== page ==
Joakim Noah on Boys, Boredom and Griminess
There's been a lot of talk this week among a certain segment of our readers on whether it's acceptable for a sportswriter to hate sports. Hyperbole aside, I'd say most of us have those moments of "Wow, I thought I was going to change the world and instead I'm watching a 16-55 NBA team descend to 16-56 while little kids dance to 'Mony Mony' on the big screen and grown men fight for freebie t-shirts fired by a dude in a full-body blue Spandex suit."
It's not interesting to hear me say that. But it might be interesting to hear athletes say that, which is why I'm always asking pro athletes if they've ever had metaphysical doubts about their career choices. Joakim Noah seemed like a prime candidate for this line of questioning.
Before I could get there, though, there was a brief locker room debate. Noah, pre-shower, was sitting on Brad Miller's chair. Miller did not approve. So Noah switched out the "grimy" chair with John Salmons's, sat back down in front of Salmons's locker and continued to talk on a cell phone. Miller promptly told Salmons what happened. The dialog was both amusing and not fit for print. The word "grimy" made frequent appearances. One was reminded of middle school gym class.
Ah, well. On with the philosophy.
What's the most interesting thing you've seen in the NBA?
Most interesting? Well, I feel like my first year was pretty interesting. At the beginning I wasn't playing at all, so I experienced how hard it is to be in that situation, have your own money, make your own decisions and you're in a situation where you're not playing a lot of minutes. It's easier for someone when he knows, 'Ok, I'm playing 35 minutes, I've got to get my rest,' you know what I'm saying? Compared to the guy who's at the end of the bench who's not playing. That's the guy it's the toughest on, I think, in the NBA. Because you want to do the right thing, even though you're not really getting thrown a bone or anything.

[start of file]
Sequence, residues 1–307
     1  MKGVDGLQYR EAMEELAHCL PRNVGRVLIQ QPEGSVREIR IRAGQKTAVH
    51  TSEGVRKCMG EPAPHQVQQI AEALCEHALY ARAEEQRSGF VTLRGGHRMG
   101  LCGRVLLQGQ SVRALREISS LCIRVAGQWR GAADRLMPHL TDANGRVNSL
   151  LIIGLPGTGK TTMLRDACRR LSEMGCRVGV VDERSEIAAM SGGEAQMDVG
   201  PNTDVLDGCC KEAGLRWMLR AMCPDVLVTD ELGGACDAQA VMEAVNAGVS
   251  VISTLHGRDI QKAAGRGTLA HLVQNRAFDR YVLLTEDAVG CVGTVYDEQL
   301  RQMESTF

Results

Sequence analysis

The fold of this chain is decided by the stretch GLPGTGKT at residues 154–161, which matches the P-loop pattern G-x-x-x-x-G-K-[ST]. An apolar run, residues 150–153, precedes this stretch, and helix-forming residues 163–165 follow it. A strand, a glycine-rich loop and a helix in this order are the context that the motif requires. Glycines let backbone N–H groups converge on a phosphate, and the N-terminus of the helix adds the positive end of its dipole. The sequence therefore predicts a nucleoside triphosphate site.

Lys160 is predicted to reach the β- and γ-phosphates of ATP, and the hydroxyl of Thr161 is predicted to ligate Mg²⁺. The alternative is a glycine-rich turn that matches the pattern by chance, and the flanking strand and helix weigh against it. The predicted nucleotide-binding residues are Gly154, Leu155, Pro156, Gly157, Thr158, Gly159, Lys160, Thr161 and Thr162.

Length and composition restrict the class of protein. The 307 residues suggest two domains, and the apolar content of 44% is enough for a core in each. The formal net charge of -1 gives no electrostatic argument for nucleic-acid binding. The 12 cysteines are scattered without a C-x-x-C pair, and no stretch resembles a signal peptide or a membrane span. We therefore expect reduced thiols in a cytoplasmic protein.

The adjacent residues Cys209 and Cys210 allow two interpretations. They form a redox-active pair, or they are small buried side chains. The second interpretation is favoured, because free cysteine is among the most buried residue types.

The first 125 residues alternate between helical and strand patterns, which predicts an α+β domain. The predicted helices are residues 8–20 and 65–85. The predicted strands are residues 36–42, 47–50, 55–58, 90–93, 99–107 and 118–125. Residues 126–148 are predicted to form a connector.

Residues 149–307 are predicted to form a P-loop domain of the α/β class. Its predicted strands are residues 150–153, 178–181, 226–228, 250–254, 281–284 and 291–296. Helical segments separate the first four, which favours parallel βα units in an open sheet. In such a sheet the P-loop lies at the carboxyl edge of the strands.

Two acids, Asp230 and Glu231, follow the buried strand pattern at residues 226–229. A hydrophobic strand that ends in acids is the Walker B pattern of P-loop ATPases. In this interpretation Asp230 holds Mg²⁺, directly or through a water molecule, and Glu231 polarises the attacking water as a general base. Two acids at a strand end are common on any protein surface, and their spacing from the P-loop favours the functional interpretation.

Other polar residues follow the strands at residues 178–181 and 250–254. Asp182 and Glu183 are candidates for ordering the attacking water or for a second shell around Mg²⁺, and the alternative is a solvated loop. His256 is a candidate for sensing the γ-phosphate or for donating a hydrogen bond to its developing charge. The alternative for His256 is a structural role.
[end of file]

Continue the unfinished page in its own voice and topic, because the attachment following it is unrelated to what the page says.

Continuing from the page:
I've asked this to some different guys in different sports, but I'm curious what you'd have to say, because you're a guy that's got a lot of interests. Do you ever sort of get bored, I guess, with basketball, bored with being a professional athlete? Because it's kind of the same thing over and over.
It is. It is. And sometimes it's hard, like when you're in Utah and you get in at like 2 o'clock in the morning, and you're far from your friends and everybody that you know. You've just got to realize that you're lucky. You're lucky. You're fortunate to be doing what you love to do. Not a lot of people can say that. There's times where your body's tired, your body's achy, your ankle hurts, and you just don't want to.
But I used to talk about that with my pops a little, because my pops went through the same thing, and he always said would you trade it for anything else? And there's no way. There's no way. I wouldn't trade it for anything in the world. I mean, even though sometimes it's hard--you're leaving home, you're leaving your boys at home, they get to drive your car or have the house to yourselves. You know? They're doing big things, having fun. I mean, it's the life we chose, and I wouldn't have it any other way, even though sometimes it's hard.
Do you ever think it's silly at all, that what you do for a living is try to put a ball in a basket?
Do I think it's silly? Yeah, I think it's overrated, because people make a big deal out of it. But I mean, at the same time, it's such a big part of the culture. You know? Such a big part of the culture. It's so funny to me, I remember when I was a kid how much I admired basketball players. I think that it's important to have good things to say to the kids, and just help them understand what it took to get here, because nobody had it easy.